Tesla in the S&P 500
December 30, 2020 | By Kevin Smith
When you hear someone reference “the market”, they probably mean the S&P 500 index, at least here in the United States. It is a list of 500 companies (actually 505) selected by the US Index Committee that are meant to represent the US stock market. They have a set of criteria, but ultimately vote on who is in and who is out. The S&P 500 index creates a list of stocks and the percentage allocations to each are based on the size of each company*. Index funds take investor dollars and buys stocks to replicate the list as closely as possible. The index is the list, the fund is a way to invest in the list.
*Company size (commonly called ‘market cap’) is calculated by the number of shares outstanding multiplied by the stock price. Tesla’s size is roughly 950 million shares X $693 per share = $658 billion.
Until added to the S&P 500 on December 21st, Tesla was not part of “the market” as we commonly think of it, meaning it’s 8X stock price increase since March was not reflected in the S&P 500 returns. Tesla entered the index as the 6th largest company (Berkshire Hathaway is 7th), which meant index funds tracking the index had to collectively buy over $200 billion of Tesla stock on that day, without regard to the price. Institutional investors anticipated this and bought up lots of Tesla stock after the announcement, which likely drove the price up further.
To buy Tesla, index funds also had to sell $200 billion of other stocks, including all of their holdings in Apartment Investment and Management, which was booted from the index to make room for Tesla. That company recently performed terribly and the forced selling drove their price down even further. A natural reaction might be ‘good riddance, I’d rather own Tesla’, and I agree, but being forced to sell at a terrible price is not good investment strategy.
If there is one agreeable bit of wisdom for investors, it might be to buy low and sell high. The addition of Tesla to the S&P 500 is a clear example of how an index fund is designed to do exactly the opposite. New stocks are often added after their prices have run up dramatically, and stocks are removed after their prices have fallen. Forced buying and selling at the time of index additions and subtractions exaggerates the situation further.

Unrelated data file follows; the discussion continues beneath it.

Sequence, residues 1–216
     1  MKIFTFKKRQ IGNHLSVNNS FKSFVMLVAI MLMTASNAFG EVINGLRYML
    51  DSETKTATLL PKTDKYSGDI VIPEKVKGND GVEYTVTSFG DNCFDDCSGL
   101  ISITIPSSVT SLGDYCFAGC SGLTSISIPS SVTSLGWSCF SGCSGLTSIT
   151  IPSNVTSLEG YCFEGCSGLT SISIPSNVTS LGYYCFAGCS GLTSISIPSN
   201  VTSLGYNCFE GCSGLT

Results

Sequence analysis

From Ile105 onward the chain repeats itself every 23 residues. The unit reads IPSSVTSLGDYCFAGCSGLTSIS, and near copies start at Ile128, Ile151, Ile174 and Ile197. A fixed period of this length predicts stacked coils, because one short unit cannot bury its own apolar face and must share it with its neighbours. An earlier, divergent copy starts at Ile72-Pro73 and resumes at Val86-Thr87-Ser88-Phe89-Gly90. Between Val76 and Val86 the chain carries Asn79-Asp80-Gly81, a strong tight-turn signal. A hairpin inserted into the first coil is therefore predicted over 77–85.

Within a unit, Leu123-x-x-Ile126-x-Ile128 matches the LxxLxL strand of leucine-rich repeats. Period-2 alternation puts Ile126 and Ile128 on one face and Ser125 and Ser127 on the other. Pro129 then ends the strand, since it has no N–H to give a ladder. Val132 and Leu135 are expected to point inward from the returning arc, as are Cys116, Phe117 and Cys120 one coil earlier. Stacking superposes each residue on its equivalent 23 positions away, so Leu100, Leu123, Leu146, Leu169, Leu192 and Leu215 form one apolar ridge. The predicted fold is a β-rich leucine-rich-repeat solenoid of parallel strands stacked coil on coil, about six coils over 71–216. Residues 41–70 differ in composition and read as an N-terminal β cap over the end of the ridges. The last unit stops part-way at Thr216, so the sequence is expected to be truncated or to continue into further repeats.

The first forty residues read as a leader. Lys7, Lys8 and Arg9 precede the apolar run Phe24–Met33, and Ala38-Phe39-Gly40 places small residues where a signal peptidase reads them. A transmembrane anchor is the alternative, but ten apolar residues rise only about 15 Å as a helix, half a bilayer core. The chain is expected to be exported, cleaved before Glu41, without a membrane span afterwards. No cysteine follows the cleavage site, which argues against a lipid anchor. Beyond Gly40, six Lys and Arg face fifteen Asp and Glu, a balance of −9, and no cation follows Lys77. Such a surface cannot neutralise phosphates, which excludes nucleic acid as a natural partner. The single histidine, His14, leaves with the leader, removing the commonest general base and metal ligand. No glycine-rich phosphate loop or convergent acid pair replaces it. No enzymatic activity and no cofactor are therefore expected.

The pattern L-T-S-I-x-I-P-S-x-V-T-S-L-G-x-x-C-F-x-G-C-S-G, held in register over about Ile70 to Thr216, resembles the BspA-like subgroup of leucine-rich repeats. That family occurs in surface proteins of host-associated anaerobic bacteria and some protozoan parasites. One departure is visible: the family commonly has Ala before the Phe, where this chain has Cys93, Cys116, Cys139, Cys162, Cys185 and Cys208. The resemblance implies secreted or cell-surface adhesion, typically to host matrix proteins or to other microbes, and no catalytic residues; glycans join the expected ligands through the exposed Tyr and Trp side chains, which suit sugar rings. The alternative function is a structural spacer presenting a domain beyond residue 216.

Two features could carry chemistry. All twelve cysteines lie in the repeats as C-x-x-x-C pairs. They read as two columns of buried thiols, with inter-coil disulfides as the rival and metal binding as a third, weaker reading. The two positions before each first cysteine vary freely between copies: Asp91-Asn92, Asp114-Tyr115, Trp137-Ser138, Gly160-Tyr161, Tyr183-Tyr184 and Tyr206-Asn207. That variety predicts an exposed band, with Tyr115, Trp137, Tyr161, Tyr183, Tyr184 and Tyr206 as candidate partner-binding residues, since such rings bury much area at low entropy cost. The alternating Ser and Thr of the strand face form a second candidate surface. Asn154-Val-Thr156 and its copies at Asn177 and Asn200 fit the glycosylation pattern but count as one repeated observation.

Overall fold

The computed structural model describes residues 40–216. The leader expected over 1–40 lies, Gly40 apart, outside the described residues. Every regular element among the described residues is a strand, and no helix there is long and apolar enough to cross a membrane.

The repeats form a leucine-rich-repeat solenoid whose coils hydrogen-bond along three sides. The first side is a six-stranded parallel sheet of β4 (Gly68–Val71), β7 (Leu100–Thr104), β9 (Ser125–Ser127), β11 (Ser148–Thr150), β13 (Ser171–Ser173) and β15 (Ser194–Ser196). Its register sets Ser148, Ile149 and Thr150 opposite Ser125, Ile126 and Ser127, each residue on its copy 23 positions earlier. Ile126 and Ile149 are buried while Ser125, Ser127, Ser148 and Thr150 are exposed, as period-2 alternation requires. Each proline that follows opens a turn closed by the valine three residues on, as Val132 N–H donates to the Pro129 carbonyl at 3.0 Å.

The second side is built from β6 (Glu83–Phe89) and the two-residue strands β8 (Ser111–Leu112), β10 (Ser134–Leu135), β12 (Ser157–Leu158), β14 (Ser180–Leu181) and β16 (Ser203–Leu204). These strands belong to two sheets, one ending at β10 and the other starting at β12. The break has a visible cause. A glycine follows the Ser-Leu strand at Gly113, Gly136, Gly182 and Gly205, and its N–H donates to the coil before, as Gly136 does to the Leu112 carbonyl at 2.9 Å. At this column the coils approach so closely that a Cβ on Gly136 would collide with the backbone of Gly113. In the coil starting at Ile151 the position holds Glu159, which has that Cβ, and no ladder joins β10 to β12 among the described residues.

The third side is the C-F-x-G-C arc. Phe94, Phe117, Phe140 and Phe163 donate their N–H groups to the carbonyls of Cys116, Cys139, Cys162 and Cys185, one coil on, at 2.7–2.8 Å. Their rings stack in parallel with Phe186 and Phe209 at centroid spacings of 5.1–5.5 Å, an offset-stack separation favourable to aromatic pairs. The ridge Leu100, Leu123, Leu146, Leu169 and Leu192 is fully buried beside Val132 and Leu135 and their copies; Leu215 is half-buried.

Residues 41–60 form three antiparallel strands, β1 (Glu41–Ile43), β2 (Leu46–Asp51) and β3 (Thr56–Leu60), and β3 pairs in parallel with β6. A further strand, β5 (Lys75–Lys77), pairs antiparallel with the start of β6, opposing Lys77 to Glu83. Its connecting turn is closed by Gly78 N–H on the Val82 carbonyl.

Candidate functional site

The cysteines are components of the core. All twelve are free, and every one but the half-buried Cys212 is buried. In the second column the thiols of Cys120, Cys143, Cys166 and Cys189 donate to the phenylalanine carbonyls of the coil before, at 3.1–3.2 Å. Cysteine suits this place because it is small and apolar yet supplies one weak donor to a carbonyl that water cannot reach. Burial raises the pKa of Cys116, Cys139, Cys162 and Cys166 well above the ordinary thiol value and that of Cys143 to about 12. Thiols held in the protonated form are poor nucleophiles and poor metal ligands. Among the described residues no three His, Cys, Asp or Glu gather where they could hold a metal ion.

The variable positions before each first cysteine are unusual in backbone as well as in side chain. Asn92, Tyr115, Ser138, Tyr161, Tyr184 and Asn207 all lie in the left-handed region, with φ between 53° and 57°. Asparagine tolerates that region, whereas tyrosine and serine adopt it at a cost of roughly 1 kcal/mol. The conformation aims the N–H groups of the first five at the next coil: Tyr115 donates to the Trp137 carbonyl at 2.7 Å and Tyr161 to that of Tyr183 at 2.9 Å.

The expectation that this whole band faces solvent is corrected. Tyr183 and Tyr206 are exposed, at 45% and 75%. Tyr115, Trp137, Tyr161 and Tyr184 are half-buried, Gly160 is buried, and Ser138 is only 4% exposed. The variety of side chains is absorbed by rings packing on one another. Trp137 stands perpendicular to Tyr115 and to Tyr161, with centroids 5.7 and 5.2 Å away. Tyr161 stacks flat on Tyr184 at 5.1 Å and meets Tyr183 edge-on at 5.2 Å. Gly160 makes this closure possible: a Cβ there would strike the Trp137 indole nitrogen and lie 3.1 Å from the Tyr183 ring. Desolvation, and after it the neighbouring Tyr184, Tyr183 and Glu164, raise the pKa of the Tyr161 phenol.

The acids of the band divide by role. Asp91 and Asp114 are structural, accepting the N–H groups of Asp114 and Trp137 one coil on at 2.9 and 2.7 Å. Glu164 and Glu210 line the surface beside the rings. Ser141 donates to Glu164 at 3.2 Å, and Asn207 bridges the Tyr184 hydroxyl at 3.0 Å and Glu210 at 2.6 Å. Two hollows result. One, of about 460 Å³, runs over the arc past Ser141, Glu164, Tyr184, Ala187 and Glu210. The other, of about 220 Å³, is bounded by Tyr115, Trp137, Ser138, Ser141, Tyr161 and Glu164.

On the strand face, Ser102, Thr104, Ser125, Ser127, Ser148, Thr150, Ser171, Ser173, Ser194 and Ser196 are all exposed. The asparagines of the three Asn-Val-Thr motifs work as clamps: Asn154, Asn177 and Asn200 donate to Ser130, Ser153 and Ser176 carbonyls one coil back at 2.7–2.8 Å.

Our preferred approach is to use a modified index fund, which assigns the percentage allocation to each investment based on its attractiveness in terms of relative price, profitability, cash flows, price momentum, and other fundamental measures of business performance. For a simple example, when Apple’s stock price is attractive relative to it’s profitability, the fund buys more. When Apple’s stock price becomes high relative to it’s profitability, the fund sells to reduce the position. Buy low, sell high, and repeat.
Tesla is an impressive company growing rapidly and dominating the electric vehicle market, not to mention rockets, solar roofs, and hyper loops. I suspect they are just getting started. Wanting to invest in Tesla makes sense, but an investor should ask “how much of my portfolio and at what price?”. If you own Tesla through an index fund, the answer is made for you: “it will be your 6th largest holding and you will pay whatever the price happens to be”. That price seems high.
To justify its current stock price, Tesla has a lot of growing to do. A recent paper from Research Affiliates suggests their current stock price implies Tesla will grow sales by 50% per year for a decade, and must do that at a higher profit margin than any other car manufacturer. That is a tall order, even for Elon Musk.
That paper goes on to say Tesla’s value equates to $1.4M per car it produces, compared to Toyota’s value of $19k per car. Tesla’s value is currently greater than the nine largest car manufacturers in the world, who collectively produce 121 times as many cars per year as Tesla. And they are coming for the electric vehicle business. Those ‘Nifty Nine’ manufacturers have massive production plans for electric vehicles.
On the other side of Tesla’s addition to the S&P 500 is the deletion of Apartment Investment and Management from the index. It might be surprising to learn that companies deleted from the index have outperformed the index on average in the following years. This is likely related to the price distortion created by the index.
In the chart below, the red dots indicate when the announcements were made for the addition of Tesla (orange) and the deletion of Apartment Investment and Management (blue). The red dashed line indicates the day the changes were made effective in the market. In both cases, prices moved quickly and dramatically to adjust for the expected buying and selling caused by the index changes.
Investing in an S&P 500 index fund is a great way to get diversified exposure to US stocks for a minimal cost, but that strategy misses the mark for investors who want to buy low and sell high over many years. The Tesla story is a glaring example of this reality.
Posted in: Investing
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